Warning: This post is long.
Autism has been on my radar since Kiddo was born. It’s everywhere in the news these days. Plus, my husband and I are older parents, which increases our likelihood of having an autistic child. And we both have some autistic traits, which also increases the chances of autistic kids. We’ve been on the lookout for signs of autism since Kiddo was born, but nothing raised any red flags in our mind.
That changed one day when Kiddo was 2.5 years old. It was a day I’ll never forget. We were at Mother Goose, an early literacy program that’s essentially an extended circle time with parent participation. It was winter, and Kiddo and I were putting our boots on to leave when a little girl we knew ran up to her mom and said, “Mommy! I put my mat away!” It was such a simple little moment of a child sharing her achievement with her mom, but it shook me to the core. I’m sure I must have stood there, staring at her with my mouth agape. She was a few months younger than my son, but my Kiddo had never, ever come up to me to tell me about something he had done. Not once.
That was the exact moment when I began to wonder if he might be autistic.
I started talking to a few people who knew him well for their thoughts on the matter, and I was shocked to discover that some of them had already suspected autism. But nobody seemed sure.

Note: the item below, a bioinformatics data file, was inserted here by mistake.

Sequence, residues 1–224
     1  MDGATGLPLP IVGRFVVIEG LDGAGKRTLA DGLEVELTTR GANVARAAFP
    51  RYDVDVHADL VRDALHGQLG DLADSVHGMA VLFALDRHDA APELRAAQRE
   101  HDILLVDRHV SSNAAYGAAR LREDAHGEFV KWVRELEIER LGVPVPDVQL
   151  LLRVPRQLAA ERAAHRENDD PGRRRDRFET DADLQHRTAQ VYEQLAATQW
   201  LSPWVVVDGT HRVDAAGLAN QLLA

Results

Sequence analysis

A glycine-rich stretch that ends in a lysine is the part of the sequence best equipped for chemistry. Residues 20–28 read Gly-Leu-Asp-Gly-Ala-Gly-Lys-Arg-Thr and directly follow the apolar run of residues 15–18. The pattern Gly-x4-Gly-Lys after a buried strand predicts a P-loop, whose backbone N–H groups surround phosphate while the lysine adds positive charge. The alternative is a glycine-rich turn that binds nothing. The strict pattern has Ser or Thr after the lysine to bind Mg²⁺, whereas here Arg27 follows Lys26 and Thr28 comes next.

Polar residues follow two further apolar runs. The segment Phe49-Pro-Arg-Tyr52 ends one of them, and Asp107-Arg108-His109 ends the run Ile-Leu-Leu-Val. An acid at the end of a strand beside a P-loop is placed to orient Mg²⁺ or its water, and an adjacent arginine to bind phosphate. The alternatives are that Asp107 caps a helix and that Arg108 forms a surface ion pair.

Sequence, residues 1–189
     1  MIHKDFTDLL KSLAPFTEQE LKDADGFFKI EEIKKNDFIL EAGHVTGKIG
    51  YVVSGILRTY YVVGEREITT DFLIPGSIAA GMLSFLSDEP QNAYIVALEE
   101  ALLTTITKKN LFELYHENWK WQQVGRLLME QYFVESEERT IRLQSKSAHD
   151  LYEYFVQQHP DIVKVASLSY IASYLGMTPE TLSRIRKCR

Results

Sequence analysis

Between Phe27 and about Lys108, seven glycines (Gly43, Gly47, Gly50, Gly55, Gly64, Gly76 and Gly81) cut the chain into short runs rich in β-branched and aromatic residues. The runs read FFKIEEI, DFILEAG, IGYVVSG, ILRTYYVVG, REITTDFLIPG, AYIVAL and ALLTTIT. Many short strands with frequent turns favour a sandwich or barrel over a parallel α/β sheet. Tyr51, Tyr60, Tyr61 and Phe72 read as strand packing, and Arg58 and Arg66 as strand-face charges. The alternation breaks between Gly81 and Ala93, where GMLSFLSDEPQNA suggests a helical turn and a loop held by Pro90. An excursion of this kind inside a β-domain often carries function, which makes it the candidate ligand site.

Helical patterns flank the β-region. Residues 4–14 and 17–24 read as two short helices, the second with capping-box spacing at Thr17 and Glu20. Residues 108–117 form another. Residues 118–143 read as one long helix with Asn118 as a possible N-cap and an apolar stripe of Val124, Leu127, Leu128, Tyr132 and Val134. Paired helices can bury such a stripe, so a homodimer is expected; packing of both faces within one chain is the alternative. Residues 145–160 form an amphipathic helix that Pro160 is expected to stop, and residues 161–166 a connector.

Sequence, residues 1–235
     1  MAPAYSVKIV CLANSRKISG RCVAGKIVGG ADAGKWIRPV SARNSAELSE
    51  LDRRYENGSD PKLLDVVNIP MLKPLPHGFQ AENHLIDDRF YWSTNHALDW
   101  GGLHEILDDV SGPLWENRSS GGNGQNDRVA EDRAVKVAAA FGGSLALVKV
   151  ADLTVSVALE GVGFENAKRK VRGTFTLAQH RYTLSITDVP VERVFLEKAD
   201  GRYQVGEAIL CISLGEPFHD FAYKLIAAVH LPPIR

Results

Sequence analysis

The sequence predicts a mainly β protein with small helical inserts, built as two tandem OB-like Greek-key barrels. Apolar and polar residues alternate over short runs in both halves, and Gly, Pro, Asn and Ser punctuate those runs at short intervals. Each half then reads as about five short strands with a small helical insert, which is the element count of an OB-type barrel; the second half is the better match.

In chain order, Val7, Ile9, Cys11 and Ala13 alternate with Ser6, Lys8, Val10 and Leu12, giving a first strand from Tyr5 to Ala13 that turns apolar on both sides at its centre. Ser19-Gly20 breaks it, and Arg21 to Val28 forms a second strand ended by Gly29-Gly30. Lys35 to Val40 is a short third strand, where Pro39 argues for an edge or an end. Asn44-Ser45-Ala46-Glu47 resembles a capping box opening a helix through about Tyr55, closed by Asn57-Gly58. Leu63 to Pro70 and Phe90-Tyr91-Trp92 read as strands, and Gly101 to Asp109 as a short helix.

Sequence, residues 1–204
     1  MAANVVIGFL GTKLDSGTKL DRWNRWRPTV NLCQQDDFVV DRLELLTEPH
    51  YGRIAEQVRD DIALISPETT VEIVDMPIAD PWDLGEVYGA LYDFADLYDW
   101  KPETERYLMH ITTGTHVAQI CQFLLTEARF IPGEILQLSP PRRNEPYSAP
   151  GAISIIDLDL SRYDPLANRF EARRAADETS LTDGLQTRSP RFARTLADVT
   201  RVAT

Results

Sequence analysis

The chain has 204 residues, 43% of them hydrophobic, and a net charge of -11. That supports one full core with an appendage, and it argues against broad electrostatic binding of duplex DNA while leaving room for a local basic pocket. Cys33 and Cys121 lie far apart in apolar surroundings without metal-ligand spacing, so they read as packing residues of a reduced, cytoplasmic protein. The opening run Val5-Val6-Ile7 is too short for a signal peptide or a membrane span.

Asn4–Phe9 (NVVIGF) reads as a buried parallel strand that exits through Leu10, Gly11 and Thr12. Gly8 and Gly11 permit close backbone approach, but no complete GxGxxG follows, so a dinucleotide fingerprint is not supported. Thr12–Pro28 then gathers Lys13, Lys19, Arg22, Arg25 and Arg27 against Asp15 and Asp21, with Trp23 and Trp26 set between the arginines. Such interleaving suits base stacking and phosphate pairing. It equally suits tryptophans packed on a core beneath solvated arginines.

At first I resisted the idea of getting him assessed because by labeling Kiddo as autistic, it felt like we would be labeling him as disabled, and I didn’t feel like he was disabled. Different, yes. Disabled, no. To me, he was just the quirky, bright little boy I adored, and labelling him as autistic felt like a stigma. To me, it felt like the world expected everybody to fit into a little box called “normal,” and that anybody who didn’t fit into that little box would get a label slapped on them, identifying them as “not normal.” I resented that feeling. I just wanted the world to accept my boy for who he was.
But at the same time, I had a burning need to know.
I started reading extensively, but the more I read, the more confused I became. I would read one description of autism, and it would fit my son to a T, and then I would read another description that didn’t fit him at all. Of course, part of the reason for my confusion was the fact that autism is a spectrum, and every autistic kid is different. But another part of the reason was because he didn’t seem to have any of the major “red flags” for autism.
What I didn’t understand at the time was that the “red flag” characteristics of autism are differences of degree, not black and white absolutes.
These are a few of the common characteristics on those lists:
- Absent or delayed speech
- Lack of communicative gestures (pointing, showing, reaching, waving)
- Lack of eye contact
I didn’t see those red flags in my son. His speech development seemed to be on track, and his pronunciation was ahead of his peers; he pointed at things and would reach to get picked up; and he would make eye contact. (Only later did I learn that although he spoke, used gestures, and made eye contact, he didn’t do those things as much as a neurotypical kid. He spoke, but he only communicated to get his basic needs met, and the gestures for showing and waving were completely absent.)
Hubby and I both filled out the online Modified Checklist for Autism in Toddlers (M-CHAT), independently so we wouldn’t influence each other’s answers. We both had the same result: “Low risk for autism.”